The otherwise ugly square blocks are protected and beautified by the custom aluminum shields on either side of the frame. I like the faux carbon fiber vinyl sticker they chose to coat the aluminum and the circle-punched vent on top is sturdy but functional. The big downsides here (aside from weight) are that the batteries are more or less permanently bolted to the frame so you can’t take them off for easy charging or transport and they are somewhat exposed to water and mud. The top battery might also make the already high diamond frame more difficult to step over and could cause some interference if you came down hard on your crotch. Generally, bicycles keep this area of the frame clear for safety reasons while motorcycles and other vehicles fill it with a gas tank. Note that the final version will have a cover over the battery here just behind the vented bit above the controller.
Operating this electric bike is fairly typical, once the packs are all charged up you just press the middle “mode” button on the control pad which is mounted near the left grip. It’s easy to reach and use even while riding… there are just three buttons here and the top and bottom ones let you navigate up or down in assist through 0, 1, 2, 3, 4 and 5. Unfortunately, you can’t operate the throttle in level zero but the good news is, you get 100% throttle power in all of the 1-5 assist settings. The display offers a wide range of readouts including the standard speed, range, battery level and assist level but I love the extras like regen, throttle output max speed and ambient temperature. In addition to the standard display which is mounted front and center (and not removable or easily swivelable) is a second LCD mounted just below the controller and this one shows your watt-amp meter and has a log function. Neat :)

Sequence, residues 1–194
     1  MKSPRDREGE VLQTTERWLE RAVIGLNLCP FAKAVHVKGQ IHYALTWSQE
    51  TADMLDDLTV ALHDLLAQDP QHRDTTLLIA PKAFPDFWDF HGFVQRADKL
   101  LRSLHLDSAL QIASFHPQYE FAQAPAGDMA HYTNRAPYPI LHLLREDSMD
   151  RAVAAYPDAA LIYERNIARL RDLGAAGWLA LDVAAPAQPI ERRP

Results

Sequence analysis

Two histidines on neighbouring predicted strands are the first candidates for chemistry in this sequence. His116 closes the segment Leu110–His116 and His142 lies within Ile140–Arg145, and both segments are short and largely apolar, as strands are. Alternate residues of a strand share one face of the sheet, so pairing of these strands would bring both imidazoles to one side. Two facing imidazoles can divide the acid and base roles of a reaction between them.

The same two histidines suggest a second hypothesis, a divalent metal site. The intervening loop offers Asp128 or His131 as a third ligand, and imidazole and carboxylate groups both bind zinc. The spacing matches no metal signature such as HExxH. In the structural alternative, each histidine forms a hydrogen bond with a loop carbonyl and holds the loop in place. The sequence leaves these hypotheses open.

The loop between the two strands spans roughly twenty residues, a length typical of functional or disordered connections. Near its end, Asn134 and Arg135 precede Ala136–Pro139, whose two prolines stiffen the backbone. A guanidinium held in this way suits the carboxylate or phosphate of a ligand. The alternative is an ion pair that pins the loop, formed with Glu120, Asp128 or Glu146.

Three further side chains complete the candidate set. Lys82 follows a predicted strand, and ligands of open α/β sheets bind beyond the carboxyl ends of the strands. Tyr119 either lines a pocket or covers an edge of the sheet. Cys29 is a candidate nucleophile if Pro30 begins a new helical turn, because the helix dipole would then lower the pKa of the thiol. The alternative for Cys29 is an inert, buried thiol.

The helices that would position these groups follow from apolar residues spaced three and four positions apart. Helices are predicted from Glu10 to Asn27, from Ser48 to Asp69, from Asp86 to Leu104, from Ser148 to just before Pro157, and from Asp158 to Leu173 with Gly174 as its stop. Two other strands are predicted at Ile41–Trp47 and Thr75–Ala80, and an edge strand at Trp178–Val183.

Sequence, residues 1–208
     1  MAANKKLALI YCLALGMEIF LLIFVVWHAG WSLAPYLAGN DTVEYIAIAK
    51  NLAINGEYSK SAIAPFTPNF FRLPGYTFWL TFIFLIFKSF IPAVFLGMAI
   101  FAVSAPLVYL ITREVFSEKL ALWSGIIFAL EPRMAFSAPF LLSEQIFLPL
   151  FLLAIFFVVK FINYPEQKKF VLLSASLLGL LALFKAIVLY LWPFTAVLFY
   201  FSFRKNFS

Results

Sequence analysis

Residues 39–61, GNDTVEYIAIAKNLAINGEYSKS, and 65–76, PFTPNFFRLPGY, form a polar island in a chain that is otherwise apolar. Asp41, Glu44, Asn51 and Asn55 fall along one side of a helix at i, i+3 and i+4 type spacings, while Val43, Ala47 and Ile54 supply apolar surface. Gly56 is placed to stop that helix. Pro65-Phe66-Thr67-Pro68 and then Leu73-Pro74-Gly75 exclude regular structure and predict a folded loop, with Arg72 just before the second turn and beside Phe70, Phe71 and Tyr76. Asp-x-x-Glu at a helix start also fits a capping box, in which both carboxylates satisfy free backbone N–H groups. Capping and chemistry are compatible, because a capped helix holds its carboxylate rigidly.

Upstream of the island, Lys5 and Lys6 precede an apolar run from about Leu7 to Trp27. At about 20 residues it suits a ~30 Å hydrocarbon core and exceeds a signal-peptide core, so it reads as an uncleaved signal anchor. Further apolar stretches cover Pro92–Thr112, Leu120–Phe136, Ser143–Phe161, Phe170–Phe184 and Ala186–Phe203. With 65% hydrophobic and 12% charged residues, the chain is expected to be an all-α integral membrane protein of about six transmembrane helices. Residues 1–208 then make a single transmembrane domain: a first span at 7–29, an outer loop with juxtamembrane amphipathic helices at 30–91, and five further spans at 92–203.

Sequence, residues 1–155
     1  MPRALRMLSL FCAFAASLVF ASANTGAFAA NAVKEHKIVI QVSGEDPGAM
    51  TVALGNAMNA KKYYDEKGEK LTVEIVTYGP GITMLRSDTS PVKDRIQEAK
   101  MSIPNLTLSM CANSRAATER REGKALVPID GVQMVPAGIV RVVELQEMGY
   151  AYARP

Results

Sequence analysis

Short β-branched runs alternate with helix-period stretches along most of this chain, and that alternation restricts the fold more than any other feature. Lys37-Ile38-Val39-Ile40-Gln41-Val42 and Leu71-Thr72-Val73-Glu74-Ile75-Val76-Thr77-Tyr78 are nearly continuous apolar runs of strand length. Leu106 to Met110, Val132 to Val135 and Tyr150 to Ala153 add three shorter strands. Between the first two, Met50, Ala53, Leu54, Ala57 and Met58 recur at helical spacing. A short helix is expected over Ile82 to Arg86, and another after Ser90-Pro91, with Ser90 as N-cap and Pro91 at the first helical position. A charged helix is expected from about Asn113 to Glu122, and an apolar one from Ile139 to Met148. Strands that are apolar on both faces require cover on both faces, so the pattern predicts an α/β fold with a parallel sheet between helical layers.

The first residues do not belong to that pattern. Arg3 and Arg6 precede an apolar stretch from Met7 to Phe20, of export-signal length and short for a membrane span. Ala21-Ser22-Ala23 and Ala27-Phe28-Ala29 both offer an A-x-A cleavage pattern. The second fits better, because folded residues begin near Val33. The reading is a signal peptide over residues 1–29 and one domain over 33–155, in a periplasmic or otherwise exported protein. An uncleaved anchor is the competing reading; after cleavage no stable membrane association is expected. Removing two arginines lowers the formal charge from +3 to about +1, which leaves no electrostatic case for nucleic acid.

Okay, so at the end of the day what you’re getting here is a $150 Mongoose Status 2.2 bicycle frame (with some fairly basic components), $160 in off-the-shelf AGM batteries and a generic gearless hub motor… along with a decent LCD, eight sensor pedelec system and motor cutoff brake levers. On their own, these pieces might seem ordinary but what Cutler Cycles has done here, in my opinion, is combine them in a way that truly is fun and impressive. The bike is fast, has good range, looks nice and is super cheap. You could probably build something that performs like this on your own but the metal shields look great, the battery brackets are strong and well placed and I’m not sure everyone out there has the tools to make that happen… or buying power and patience to order parts from China in bulk and then assemble ad hock. With this bike, for under a thousand dollars, you also get a warranty and support from an upstart team of guys who may posses perfect grammar skills (judging by some of the Kickstarter dialog… and who am I kidding, neither do I) but are honest and passionate about the space. This bike isn’t for everyone but I really enjoyed it and admire what they’re trying to do. This campaign isn’t about exaggerating specs, hyping performance or simply ordering a pre-built lot of Alibaba bikes. The Fusion Electric Bike is partially hand crafted and has a team of close friends supporting it (and already selling it) which obviously sparks my enthusiasm.